The piece Everyone I Have Ever Slept With 1963-95 brought Tracey Emin to fame. The peice is a now infamous embroidered tent with the appliquéd names of 102 people she had ever slept with, including friends, family, lovers, drinking partners and two numbered fetuses. This work was owned by Charles Saatchi and was destroyed in Momart London warehouse fire in 2004. Emin's next art work that raised attention was My Bed, shown at Tate Gallery as one of the shortlisted works for the Turner prize in 1999. Here, she exhibited her own bed covered with objects and traces of her struggle with depression during relationship difficulties, generating strong media attention due to the presence of bodily fluids on the sheets, as well as many everyday objects such as used condoms, empty bottles and slippers on the floor.

Tracey Emin can be considered one of the few artists able to reveal the intimate details of their life in an extremely powerful and honest way. The predominant subjects in her art are violent sex, motherhood, abortion, her hometown, family, lack of schooling, sexual past, as well as her affinity to alcohol. Tracey Emin's art presents the world of her hopes, failures, success and humiliations that contains both tragic and humorous elements. Nevertheless, her storytelling in various forms has the ability to avoid sentimentality and establishes an intimate connection with the viewers, engaging them with the unrestricted exploration of universal emotions. The power of Tracey Emin's art is in the ability to reveal the world in ways we have always known about but never admitted, exposing her own struggle to reach herself, to deconstruct her own celebrity status and her never-ending search for the strength needed to start all over again. Tracey Emin wrote a column for The Independent from 2008 - 2009 where many details of her unique life experience can be discerned. She also wrote the autobiographical book, Strangeland.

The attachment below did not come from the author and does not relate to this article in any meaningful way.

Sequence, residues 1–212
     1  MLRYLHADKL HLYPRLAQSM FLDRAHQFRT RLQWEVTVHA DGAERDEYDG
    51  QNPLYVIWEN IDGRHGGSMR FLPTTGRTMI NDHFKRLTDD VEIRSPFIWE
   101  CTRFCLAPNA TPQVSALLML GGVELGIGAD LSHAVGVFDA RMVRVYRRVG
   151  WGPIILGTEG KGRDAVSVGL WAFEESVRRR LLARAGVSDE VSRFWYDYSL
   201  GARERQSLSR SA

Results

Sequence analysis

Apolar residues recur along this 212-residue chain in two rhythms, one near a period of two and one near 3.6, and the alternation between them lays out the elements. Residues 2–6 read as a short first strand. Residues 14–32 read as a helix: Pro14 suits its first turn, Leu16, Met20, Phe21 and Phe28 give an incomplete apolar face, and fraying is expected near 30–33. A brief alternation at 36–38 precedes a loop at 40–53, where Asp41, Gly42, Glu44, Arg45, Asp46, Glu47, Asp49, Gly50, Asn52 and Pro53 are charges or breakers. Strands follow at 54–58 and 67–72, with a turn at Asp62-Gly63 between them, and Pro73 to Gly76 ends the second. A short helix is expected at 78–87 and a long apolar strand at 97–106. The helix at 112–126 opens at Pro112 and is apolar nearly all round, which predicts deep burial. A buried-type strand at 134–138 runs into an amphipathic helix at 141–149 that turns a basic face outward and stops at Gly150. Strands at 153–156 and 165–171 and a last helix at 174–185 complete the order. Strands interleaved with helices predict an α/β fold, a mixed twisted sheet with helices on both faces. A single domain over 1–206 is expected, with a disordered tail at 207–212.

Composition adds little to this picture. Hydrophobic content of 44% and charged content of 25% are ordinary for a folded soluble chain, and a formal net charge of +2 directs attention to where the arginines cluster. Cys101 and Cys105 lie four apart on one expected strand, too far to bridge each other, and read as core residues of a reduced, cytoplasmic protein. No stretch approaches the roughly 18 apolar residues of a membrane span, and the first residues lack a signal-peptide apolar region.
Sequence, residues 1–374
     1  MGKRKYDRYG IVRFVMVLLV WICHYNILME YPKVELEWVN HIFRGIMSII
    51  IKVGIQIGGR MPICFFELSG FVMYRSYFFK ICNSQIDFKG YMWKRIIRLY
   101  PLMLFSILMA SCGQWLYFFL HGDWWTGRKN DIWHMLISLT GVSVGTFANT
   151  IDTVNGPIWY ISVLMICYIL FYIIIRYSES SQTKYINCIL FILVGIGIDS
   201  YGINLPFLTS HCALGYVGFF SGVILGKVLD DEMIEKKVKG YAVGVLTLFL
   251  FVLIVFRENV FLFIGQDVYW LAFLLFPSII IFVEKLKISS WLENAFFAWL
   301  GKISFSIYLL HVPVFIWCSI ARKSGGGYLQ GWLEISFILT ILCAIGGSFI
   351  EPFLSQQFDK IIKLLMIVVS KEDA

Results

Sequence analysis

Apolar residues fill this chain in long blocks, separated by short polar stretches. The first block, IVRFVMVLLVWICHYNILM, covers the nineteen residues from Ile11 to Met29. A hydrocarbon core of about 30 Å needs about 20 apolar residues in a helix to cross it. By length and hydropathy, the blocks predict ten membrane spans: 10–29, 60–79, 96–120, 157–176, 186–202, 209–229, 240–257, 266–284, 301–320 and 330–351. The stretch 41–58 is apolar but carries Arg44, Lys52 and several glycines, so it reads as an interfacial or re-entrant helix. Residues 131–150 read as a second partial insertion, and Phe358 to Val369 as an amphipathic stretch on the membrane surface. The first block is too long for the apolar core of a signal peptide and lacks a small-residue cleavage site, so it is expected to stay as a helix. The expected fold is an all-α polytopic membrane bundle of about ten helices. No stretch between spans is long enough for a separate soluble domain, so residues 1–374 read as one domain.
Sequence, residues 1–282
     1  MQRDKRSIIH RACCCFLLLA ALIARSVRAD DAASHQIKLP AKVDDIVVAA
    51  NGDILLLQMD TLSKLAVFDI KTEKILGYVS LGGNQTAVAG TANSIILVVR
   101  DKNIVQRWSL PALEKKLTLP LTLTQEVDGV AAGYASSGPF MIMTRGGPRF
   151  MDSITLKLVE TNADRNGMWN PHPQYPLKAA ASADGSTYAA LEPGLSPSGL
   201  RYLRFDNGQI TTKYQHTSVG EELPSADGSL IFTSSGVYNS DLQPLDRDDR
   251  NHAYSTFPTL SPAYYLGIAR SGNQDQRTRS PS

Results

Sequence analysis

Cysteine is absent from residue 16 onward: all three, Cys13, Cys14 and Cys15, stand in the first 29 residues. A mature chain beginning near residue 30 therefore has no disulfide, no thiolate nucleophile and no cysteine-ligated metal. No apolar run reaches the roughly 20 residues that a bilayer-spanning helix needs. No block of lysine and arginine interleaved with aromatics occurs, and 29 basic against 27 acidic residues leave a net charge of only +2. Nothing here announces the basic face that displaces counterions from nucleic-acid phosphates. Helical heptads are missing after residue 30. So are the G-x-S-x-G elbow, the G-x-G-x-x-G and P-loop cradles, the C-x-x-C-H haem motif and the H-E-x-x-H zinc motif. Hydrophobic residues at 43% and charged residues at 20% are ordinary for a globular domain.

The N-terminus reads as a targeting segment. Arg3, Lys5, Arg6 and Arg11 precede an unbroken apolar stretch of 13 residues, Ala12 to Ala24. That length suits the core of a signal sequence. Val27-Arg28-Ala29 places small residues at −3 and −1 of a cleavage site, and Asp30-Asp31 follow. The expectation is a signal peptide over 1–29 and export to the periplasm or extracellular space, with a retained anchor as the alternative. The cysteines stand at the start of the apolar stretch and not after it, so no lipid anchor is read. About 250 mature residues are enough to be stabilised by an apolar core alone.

Tracey Emin is the author of numerous books including: Those Who Suffer Love. (White Cube. 2009.), Monoprint Diaries. (White Cube. 2009.), One Thousand Drawings. (Rizzoli. July 28, 2009.), You Left Me Breathing. (Gagosian. January 1, 2008.), Borrowed Light. (British Council. August 2007.), Tracey Emin: Works 1963-2006. (Rizolli. 2006.), I Can Feel Your Smile. (Lehmann Maupin. 2005.), Strangeland. (Sceptre. October 17, 2005.), Details of Depression. (Counter Editions. 2003.), This is Another Place. (Oxford Museum of Modern Art. November 2002.), Tracey Emin. (Booth-Clibborn. September 26, 2002.), Jay Joplin Galllery. (Galgiani. September 1998.), Exploration Of The Soul. (1994.) and Six Turkish Tales. (Hangman Books. December 1987.).

Tracey Emin has also created the following films: Tracey Emin. (Illuminations. 2003.), Top Spot. (TV, Revolution Films. 2004.), Sometimes the Dress Is Worth More Money Than the Money. (ICA. 2001), CV Cunt Vernacular. (Tate, 1997). She also acted in the film, Love Is the Devil: Study for a Portrait of Francis Bacon. (BBC. 1998.) and was the set decorator in Wavelengths. (Channel 4 Television Corporation. 1997.).



Tracey Emin was a Professor of Confessional Art at the European Graduate School where she conducted a summer workshop.